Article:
Digestive System Lectures

Digestive System Lectures - The Digestive System Lecture 1...

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Unformatted text preview: The Digestive System Lecture 1 Bill Sellers mailto:Bill.Sellers@ed.ac.uk November 30, 1998 Contents 1 Introduction 1 2 Objectives 1 3 General Characteristics 2 4 The Mouth 3 4.1 Teeth . . . . . . . . . . . . . . . 4 4.2 Tongue . . . . . . . . . . . . . . 4 4.3 Swallowing . . . . . . . . . . . . 5 4.4 Salivary Glands . . . . . . . . . . 5 5 Oesophagus 5 6 Stomach 6 7 The Small Intestine 8 7.1 Duodenum . . . . . . . . . . . . . 8 7.2 Jejunum and Ileum . . . . . . . . 8 8 Pancreas 9 9 Liver 10 10 Gall Bladder 10 11 Large Intestine 11 11.1 Caecum . . . . . . . . . . . . . . 11 11.2 Colon . . . . . . . . . . . . . . . 11 11.3 Rectum . . . . . . . . . . . . . . 12 12 Anus 12 13 Portal Circulation 12 1 Introduction The purpose of these lectures is to describe the structures involved in digestion and to relate these structures to their functions. The information I will provide will follow very closely what is given in Hole and Koos, chapter 12, but because my re- search interest is in the interaction of form and function over the last 100 million years or so, I will also try to provide an evolutionary context for some of these observations. 2 Objectives The objectives of these three lectures are as follows (taken straight from the textbook): 1. Name and describe the location of the organs of the digestive system and their major parts. 2. Describe the structure and general function of each digestive organ and the liver. 3. Describe the structure of the wall of the ali- mentary canal. 4. Explain how the contents of the alimentary canal are mixed and moved. 5. Describe the mechanism of swallowing. 1 6. Explain how the products of digestion are ab- sorbed. 3 General Characteristics The major components of the digestive system that we will cover can be seen in figure 1. As you can see, the digestive system in humans is basi- cally a long tube and associated glandular struc- tures. Food is ingested cranially and processed in- crementally as it passes caudally. This processing is both mechanical and chemical, leading to the ab- sorption of some of the chemical components of the food items whilst other, indigestible compo- nents are passed straight through. You will proba- bly already be familiar with the basic structure and the location of the major components, but we will cover each organ in detail. The muscular tube through which the food passes is called the alimentary canal . The exact histological appearance of this tube varies down the length of the tube, but it basically consists of four concentric layers (see figure 2). The inner- most layer is called the mucosa . This itself con- sists of three thin layers: an epithelium lining the inner surface, some underlying connective tissue ( lamina propria ), and a small amount of smooth muscle, confusingly named the muscularis mu- cosae . The next layer is the submucosa . This is loose connective tissue containing blood and lymph vessels and nerves. The next layer is a thicker muscular layer called the muscularis...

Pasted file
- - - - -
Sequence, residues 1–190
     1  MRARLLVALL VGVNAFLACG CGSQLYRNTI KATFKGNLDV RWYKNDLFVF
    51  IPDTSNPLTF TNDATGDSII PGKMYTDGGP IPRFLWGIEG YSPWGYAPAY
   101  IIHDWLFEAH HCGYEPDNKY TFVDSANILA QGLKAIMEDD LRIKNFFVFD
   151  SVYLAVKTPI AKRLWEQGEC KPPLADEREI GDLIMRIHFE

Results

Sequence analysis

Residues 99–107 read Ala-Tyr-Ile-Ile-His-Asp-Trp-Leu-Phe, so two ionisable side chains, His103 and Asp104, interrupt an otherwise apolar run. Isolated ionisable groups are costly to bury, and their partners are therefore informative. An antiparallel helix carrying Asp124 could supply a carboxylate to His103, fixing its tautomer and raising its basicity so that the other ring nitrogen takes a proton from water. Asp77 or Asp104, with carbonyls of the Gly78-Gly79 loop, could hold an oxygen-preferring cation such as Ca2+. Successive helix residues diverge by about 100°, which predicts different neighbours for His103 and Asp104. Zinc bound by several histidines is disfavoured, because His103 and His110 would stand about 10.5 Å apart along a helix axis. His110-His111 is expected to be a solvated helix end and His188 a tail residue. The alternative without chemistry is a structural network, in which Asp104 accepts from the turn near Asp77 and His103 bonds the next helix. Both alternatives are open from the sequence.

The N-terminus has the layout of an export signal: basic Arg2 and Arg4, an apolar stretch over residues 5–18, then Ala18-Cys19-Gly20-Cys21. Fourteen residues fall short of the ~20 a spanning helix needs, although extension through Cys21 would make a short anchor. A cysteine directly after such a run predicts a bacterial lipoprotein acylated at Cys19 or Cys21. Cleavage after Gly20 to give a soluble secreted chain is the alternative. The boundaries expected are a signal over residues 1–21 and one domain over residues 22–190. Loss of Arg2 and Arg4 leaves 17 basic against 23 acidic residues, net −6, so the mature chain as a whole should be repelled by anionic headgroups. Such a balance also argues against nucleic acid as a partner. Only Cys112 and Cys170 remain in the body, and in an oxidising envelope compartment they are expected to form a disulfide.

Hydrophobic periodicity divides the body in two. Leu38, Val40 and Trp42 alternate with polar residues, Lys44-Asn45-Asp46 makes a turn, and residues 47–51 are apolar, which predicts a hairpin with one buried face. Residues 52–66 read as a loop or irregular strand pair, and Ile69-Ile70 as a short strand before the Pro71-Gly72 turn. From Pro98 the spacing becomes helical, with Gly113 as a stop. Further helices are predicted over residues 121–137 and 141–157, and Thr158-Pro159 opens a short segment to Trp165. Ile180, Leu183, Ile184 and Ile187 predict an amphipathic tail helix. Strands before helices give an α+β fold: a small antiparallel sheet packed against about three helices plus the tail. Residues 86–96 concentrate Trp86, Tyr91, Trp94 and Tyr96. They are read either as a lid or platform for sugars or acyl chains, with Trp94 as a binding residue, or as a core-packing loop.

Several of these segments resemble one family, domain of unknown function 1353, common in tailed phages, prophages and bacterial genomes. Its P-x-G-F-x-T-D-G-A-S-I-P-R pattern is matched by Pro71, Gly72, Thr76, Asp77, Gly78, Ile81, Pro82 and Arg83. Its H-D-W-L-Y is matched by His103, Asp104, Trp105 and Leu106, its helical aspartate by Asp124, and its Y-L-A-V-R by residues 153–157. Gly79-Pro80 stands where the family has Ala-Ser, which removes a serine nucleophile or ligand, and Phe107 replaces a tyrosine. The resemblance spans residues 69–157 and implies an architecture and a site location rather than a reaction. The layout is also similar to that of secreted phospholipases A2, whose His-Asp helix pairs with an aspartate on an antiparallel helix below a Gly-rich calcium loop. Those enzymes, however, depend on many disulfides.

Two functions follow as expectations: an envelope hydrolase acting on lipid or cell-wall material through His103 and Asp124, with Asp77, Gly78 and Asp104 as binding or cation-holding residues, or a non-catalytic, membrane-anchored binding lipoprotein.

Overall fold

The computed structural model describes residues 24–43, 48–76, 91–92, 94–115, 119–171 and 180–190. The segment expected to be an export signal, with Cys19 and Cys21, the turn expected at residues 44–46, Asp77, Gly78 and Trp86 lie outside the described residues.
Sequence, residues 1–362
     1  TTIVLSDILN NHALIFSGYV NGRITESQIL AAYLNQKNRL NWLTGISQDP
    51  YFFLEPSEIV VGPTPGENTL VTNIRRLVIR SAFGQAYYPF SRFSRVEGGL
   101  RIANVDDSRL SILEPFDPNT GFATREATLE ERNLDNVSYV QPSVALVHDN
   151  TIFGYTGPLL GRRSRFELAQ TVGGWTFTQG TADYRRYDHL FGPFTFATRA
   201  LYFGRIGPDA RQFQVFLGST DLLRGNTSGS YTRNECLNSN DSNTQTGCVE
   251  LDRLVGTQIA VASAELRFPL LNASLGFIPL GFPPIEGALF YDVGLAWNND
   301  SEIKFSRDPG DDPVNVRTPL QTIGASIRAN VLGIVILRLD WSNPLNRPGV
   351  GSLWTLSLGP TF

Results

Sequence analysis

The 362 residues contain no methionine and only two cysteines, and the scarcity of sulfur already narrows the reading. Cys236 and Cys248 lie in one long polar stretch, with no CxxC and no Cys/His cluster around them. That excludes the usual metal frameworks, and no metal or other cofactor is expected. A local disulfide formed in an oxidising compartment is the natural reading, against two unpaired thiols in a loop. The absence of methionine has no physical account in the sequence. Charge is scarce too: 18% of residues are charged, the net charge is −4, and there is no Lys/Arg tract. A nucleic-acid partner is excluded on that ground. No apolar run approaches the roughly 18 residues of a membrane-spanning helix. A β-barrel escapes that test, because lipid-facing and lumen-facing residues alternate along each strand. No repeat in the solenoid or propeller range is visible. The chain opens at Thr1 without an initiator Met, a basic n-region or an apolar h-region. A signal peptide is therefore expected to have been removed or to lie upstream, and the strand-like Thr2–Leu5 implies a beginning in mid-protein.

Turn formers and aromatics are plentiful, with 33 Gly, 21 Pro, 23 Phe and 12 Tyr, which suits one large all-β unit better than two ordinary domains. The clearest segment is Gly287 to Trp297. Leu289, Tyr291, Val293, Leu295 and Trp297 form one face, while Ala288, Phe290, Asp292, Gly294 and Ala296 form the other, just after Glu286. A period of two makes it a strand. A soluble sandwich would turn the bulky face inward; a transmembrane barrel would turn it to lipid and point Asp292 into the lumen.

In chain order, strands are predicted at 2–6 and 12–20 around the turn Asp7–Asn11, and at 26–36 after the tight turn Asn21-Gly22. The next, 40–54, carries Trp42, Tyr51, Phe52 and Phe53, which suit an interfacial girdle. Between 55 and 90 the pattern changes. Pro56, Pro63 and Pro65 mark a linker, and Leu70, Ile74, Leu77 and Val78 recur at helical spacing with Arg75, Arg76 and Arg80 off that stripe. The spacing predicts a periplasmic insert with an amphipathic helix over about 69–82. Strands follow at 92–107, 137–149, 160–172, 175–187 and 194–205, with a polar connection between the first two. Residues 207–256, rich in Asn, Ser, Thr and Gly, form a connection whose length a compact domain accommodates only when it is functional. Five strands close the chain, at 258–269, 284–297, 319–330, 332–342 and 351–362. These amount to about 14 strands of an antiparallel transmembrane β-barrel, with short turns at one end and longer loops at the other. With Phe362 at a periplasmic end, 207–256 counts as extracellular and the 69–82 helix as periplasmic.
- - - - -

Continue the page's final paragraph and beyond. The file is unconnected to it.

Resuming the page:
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Digestive System Lectures - The Digestive System Lecture 1...

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